MTV star and Religious Studies scholar Susie Meister spoke with two members of the Westboro Baptist Church because she believes we can all learn something from them.
Hate Group. Cult Members. Fearmongers. Bigots. I know what people say about the Westboro Baptist Church. This Kansas church run by leader Fred Phelps, Sr. (a former civil rights attorney who is now disbarred) and comprised mostly of Phelps family members has made quite a name for themselves with their colorful signs reading “God Hates Fags” and other inflammatory slogans. They picket at military funerals and other high-profile events. They are openly jubilant when innocent people die, claiming it was in God’s just plan. I know who they are and what they believe, but I chose to interview them for my podcast, The Meister Piece, anyway.
Many think the constant media exposure of the Westboro Baptist Church is part of the problem. People ask why we would give them so much attention when all we’re doing is promoting their hateful message. In preparing my guest list for my podcast I was faced with these same thoughts. Why would I use my platform to provide a voice for a group who openly condemns homosexuals, uses slurs, and believes God not only allows, but orchestrates, horrific acts on humanity for their disobedience?
As a doctoral candidate in Religious Studies, I was interested in speaking to the Westboro Baptist Church to better understand their theology. In the same way it is important to study the life and politics of Adolf Hitler and the Ku Klux Klan, it is also important to understand theology (however revolting it might seem). I wasn’t interested in debating with them or condemning them publicly. I decided my intellectual interests and genuine curiosity justified my interview. I knew that it would be seen as a provocative and I ran the risk of being accused of being an accomplice to their hate.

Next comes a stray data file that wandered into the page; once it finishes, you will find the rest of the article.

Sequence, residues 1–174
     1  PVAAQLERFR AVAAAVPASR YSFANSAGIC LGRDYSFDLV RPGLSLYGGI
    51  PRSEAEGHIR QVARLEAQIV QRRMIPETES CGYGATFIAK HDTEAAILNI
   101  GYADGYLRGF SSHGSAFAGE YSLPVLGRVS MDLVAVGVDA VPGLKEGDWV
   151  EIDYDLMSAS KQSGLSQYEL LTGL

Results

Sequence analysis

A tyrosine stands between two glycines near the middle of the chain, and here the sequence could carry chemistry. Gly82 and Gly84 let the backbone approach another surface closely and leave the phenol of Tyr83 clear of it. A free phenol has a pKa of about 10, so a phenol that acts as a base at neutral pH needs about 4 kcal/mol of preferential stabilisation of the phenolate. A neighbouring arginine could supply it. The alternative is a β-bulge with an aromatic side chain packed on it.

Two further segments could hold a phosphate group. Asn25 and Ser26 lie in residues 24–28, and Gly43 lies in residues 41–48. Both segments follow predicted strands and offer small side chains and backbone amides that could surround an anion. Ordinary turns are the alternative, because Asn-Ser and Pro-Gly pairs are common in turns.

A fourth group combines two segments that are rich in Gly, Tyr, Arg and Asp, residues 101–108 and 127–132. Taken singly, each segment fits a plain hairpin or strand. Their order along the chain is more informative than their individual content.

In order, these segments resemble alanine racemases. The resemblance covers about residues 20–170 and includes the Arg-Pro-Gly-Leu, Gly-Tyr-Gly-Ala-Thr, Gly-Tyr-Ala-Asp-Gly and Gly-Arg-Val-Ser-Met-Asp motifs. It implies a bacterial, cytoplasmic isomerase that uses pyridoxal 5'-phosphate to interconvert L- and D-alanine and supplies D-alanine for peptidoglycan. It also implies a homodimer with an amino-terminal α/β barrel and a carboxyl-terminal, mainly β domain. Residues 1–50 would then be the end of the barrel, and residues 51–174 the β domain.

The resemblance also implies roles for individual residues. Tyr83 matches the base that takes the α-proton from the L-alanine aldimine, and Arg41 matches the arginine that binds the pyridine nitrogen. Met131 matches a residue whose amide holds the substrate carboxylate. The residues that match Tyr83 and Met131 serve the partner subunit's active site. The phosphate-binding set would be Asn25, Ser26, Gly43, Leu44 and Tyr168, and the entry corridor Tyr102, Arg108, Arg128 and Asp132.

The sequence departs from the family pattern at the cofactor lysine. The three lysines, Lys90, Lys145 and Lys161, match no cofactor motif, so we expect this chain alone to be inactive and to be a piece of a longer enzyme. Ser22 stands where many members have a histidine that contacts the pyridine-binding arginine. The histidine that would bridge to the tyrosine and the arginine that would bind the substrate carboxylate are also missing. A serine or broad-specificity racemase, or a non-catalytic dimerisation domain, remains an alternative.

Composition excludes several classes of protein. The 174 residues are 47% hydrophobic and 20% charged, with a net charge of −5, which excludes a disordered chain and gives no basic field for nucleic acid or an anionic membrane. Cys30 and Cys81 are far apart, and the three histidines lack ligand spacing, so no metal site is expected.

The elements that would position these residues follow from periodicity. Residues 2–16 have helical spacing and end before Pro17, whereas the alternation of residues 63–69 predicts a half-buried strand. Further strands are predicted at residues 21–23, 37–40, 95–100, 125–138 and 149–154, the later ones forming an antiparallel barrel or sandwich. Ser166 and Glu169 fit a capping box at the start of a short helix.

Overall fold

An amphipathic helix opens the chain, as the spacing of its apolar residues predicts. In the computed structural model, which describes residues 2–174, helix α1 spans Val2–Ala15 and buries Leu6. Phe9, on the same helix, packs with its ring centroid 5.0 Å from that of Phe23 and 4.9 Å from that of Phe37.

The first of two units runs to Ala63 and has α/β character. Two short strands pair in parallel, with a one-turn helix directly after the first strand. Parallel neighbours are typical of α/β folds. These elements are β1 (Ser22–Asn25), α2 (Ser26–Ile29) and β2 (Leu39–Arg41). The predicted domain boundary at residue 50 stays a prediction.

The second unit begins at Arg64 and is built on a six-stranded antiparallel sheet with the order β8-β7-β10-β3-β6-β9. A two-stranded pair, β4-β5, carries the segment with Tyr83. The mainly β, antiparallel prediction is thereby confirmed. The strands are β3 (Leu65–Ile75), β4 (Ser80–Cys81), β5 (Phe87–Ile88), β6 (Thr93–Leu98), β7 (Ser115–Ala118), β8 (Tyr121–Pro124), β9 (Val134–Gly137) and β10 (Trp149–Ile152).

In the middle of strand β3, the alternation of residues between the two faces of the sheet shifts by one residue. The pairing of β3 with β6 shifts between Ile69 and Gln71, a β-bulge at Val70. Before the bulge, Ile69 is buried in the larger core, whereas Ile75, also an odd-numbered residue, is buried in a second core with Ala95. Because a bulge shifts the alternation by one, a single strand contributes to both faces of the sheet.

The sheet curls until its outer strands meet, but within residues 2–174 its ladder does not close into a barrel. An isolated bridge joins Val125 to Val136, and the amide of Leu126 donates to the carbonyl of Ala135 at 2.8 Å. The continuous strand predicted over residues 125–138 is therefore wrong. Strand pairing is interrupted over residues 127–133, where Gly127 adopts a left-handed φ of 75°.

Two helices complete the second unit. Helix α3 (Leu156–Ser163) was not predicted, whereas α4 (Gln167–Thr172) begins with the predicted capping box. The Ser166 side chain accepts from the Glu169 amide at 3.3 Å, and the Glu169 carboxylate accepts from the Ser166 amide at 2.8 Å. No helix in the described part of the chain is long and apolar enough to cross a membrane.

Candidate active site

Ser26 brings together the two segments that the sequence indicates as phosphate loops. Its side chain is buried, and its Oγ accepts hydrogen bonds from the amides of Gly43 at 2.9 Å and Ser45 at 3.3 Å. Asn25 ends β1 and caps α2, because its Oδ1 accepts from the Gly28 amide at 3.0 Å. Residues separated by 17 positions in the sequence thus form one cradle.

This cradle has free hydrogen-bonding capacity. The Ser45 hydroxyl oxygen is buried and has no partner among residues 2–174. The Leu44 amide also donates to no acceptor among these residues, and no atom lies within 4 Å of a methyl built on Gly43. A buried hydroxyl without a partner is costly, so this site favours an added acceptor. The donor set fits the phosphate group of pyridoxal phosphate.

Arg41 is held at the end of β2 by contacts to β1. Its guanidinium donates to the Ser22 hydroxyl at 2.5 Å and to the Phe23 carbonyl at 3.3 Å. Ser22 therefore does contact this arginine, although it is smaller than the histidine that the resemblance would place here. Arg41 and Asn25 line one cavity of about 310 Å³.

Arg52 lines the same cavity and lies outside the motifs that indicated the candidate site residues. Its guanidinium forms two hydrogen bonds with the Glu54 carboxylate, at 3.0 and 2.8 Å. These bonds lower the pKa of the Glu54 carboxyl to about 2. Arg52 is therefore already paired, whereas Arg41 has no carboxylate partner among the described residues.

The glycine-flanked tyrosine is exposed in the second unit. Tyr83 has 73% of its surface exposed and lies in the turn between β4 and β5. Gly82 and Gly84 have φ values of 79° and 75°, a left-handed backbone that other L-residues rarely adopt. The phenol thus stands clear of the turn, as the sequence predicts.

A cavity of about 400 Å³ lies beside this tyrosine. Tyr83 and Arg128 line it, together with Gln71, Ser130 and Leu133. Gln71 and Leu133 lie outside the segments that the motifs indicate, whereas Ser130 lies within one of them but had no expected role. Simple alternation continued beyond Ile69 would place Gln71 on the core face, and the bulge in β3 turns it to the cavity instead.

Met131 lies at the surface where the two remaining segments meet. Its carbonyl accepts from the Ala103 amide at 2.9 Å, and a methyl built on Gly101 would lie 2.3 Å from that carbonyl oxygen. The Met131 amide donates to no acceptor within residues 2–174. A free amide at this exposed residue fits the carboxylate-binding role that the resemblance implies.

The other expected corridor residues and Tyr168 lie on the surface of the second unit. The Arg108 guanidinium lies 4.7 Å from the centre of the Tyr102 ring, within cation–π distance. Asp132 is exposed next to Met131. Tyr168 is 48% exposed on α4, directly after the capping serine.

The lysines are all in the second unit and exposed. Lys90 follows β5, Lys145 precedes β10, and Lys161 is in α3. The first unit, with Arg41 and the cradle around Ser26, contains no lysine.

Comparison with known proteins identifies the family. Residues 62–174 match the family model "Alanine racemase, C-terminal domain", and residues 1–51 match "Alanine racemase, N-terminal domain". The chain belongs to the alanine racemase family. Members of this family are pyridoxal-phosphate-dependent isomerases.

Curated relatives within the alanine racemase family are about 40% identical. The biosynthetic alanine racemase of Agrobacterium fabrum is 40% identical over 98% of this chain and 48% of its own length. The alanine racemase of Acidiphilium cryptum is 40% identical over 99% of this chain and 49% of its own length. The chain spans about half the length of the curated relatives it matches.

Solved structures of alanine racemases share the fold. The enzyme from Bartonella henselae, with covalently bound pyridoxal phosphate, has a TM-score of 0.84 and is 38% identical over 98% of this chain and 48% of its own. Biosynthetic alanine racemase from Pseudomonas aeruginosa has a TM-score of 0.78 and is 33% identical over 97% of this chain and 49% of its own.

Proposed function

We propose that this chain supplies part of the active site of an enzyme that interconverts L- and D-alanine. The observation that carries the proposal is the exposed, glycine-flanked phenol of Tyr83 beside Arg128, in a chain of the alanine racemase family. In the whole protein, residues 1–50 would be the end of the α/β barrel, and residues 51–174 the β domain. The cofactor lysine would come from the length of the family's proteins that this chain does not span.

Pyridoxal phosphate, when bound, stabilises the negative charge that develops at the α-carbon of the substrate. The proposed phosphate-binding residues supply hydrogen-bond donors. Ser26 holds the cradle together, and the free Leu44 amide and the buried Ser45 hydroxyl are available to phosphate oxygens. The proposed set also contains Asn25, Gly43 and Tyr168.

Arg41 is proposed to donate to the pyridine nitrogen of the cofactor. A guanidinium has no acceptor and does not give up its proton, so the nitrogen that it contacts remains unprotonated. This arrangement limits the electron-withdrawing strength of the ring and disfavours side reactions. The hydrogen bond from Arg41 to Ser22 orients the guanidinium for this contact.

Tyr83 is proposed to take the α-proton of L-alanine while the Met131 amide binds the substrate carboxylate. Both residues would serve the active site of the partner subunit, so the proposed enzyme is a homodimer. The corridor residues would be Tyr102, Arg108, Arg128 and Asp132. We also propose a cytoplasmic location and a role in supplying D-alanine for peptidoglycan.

Steve Drain, who is a convert to the church, handles all of their media requests. Incidentally, his daughter recently wrote a book, Banished, describing her experience in and excommunication from the group. I requested an interview with Shirley Phelps-Roper who is an outspoken media presence and has appeared on “Tyra,” “Hannity and Colmes,” and other shows. I was told I could get an interview, but I wasn’t told with whom. We “met” over Skype and the caller was Rachel Phelps Hockenbarger. She is a daughter of Fred Phelps, and says they have been on the streets picketing for 22 years.
She was attractive, articulate, charming, and sweet. She said a lot of things that most people find offensive, but she also revealed a commitment to her community, her family, and, of course, her faith. A mother of seven children, Rachel had just come back from hot yoga, and apologized for her rosy cheeks. The idea that a member of the Westboro Baptist Church does hot yoga was fascinating to me. She said her kids get all A’s and one of her sons wants to be an animator. I know a lot of you are probably angry that I would even bother to include this information—why would I want to humanize someone who spews judgment and seems to condone violence towards innocent people? I guess the short answer is because that’s how I would want to be treated and I believe in the “Golden Rule.” Her behavior has no influence on how I believe she should be treated. And her beliefs do not change my call to love my neighbor.